|Nitrogenous metabolites in tissues and circulating fluids of Riftia pachyptila|
De Cian, M.-C.; Regnault, M.; Lallier, F. (1997). Nitrogenous metabolites in tissues and circulating fluids of Riftia pachyptila, in: Biologie des sources hydrothermales profondes = Biology of deep-sea hydrothermal vents: Journées d'échanges du Programme DORSALES = DORSALES Workshop Roscoff 6-8 octobre 1997. Cahiers de Biologie Marine, 38(2): pp. 122
In: (1997). Biologie des sources hydrothermales profondes = Biology of deep-sea hydrothermal vents: Journées d'échanges du Programme DORSALES = DORSALES Workshop Roscoff 6-8 octobre 1997. Cahiers de Biologie Marine, 38(2)[s.n.][s.l.]. 111-149 pp., more
In: Cahiers de Biologie Marine. Station Biologique de Roscoff: Paris. ISSN 0007-9723, more
|Authors|| || Top |
- De Cian, M.-C.
- Regnault, M.
- Lallier, F.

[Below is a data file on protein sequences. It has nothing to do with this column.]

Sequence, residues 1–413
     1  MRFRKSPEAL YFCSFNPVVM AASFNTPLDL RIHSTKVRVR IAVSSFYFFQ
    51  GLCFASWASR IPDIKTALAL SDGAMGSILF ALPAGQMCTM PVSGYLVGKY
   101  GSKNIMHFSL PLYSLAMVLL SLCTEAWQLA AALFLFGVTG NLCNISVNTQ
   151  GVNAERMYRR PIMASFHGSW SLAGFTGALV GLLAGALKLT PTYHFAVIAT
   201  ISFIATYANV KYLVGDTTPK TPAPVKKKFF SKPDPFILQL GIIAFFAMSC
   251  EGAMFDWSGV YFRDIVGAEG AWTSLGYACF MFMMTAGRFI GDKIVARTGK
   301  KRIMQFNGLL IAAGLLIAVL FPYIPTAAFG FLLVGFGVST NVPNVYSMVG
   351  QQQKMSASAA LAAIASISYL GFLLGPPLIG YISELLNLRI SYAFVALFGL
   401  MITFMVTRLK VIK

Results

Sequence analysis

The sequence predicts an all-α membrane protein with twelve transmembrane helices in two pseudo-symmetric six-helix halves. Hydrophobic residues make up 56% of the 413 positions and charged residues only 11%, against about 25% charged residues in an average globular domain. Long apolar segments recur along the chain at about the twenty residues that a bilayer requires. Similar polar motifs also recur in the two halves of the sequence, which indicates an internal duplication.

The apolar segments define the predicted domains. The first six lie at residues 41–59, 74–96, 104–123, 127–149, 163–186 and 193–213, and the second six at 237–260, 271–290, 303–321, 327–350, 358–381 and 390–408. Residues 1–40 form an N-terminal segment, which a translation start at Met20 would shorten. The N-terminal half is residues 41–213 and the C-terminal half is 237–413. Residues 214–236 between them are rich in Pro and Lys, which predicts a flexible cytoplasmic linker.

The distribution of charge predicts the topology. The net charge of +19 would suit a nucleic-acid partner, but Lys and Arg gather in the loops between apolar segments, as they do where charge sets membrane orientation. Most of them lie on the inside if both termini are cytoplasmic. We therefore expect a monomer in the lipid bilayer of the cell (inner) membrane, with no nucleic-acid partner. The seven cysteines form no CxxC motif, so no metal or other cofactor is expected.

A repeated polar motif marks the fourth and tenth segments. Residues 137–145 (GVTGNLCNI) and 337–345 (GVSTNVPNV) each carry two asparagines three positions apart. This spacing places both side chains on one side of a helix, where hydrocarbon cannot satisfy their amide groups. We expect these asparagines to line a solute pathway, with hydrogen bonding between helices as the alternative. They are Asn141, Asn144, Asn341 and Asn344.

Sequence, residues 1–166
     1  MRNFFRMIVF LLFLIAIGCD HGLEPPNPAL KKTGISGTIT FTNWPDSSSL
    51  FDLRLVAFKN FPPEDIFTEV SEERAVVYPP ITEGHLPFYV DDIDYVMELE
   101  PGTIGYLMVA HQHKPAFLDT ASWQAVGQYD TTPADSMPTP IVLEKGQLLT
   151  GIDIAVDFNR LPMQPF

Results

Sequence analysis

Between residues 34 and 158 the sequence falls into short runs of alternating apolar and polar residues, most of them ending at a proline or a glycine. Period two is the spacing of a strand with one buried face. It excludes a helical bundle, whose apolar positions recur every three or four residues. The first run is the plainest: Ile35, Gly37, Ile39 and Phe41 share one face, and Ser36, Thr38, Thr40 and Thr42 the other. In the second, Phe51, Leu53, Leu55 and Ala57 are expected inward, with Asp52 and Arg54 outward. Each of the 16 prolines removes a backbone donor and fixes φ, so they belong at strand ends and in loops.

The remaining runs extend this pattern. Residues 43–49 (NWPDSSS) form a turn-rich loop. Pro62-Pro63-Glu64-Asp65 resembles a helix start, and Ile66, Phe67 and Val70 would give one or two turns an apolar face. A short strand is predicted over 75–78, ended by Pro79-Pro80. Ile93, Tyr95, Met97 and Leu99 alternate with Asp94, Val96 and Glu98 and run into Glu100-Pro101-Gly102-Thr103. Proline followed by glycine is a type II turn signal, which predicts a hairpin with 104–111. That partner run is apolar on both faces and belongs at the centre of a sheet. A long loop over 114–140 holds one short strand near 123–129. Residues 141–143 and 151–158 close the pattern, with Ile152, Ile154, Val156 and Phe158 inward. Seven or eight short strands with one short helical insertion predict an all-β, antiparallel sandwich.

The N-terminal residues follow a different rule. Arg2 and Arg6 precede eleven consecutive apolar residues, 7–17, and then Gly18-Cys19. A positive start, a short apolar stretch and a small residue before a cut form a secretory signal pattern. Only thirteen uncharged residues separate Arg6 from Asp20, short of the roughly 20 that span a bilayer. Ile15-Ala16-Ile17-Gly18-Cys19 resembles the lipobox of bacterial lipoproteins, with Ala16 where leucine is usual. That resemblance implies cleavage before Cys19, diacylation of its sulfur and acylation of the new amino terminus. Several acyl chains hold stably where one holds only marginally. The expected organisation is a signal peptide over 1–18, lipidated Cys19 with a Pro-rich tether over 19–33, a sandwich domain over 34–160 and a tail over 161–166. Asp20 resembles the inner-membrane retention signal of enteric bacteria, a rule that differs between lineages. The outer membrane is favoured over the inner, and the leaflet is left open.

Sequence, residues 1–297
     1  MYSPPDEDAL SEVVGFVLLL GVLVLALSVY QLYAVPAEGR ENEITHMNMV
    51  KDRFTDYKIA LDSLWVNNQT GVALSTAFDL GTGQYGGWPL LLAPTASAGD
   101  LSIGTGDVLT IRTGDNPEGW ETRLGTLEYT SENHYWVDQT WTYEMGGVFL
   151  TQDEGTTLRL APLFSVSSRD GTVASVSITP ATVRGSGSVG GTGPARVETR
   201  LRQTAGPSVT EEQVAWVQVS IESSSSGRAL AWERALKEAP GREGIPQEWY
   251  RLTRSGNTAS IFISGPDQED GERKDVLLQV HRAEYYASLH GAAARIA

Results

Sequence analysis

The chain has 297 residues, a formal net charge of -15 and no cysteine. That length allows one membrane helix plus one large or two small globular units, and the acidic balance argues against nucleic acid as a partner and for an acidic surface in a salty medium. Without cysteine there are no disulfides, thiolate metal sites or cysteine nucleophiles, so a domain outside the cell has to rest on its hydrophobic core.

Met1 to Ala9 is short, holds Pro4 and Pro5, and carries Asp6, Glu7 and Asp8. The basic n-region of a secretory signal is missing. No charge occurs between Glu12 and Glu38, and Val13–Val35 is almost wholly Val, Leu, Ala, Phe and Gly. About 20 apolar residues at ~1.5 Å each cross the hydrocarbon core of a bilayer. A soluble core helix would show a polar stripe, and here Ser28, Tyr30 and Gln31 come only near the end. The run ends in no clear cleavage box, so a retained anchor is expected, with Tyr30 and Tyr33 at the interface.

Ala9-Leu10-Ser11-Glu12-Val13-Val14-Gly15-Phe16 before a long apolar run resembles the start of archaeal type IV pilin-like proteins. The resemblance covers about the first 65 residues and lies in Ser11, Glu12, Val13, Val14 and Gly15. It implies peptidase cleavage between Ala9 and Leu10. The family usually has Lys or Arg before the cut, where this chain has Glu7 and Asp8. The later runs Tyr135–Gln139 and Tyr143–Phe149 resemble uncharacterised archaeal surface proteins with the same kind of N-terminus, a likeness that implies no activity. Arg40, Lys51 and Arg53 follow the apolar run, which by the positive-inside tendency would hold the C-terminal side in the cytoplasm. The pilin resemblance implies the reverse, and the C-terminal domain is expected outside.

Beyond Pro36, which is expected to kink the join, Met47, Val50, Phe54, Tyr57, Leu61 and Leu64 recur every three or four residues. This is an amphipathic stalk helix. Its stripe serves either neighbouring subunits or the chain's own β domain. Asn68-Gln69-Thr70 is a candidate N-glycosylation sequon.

Distribution of some nitrogen metabolism end-products was investigated in the tissues (trophosome, gill and body wall) and the circulating fluids (blood, coelomic fluid) of the hydrothermal vent tubeworm Riftia pachyptila. Ammonia, urate and nitrite, expected to be the nitrogenous end-products of both Riftia and its symbionts were measured in deep-frozen blood samples and whole animals. The mean concentrations obtained in micromol per liter were all converted to microg N g super(-1) tissue wet weight, or microg N ml super(-1). Ammonia was present in all studied body compartments and appeared to be the prevailing nitrogenous end-product: from 25 to 65 microg N- NH sub(4) super(+) g super(-1) tissue in gill or body wall and trophosome respectively and, around 2 - 4 microg NH sub(4) super(+) g super(-1) in circulating fluids. Urate level was high in the trophosome (17.2 microg N-urate g super(-1)) and occasionally present in the body wall (0 - 4.9 pg N-urate g super(-1)). It was detected neither in the gill nor in circulating fluids. Nitrites were present in the studied body compartments and were largely prevailing in trophosome (1.06 microg N-NO2 super(-) g super(-1)). In contrast to ammonia and urate, nitrite appeared to be negatively affected by the deep freezing/thawing process, as shown by changes in NO2 super(-) content of crab haemolymph submitted to the same treatment as the Riftia blood samples. Therefore, the low nitrite content of blood (9.8 +-2.0 microM, n = 8) could be a result of this unavoidable process. Nitrite measurement on freshly collected animals appears to be necessary. Whether the measured ammonia is the end-product of the tubeworm or that of the endosymbiont is discussed.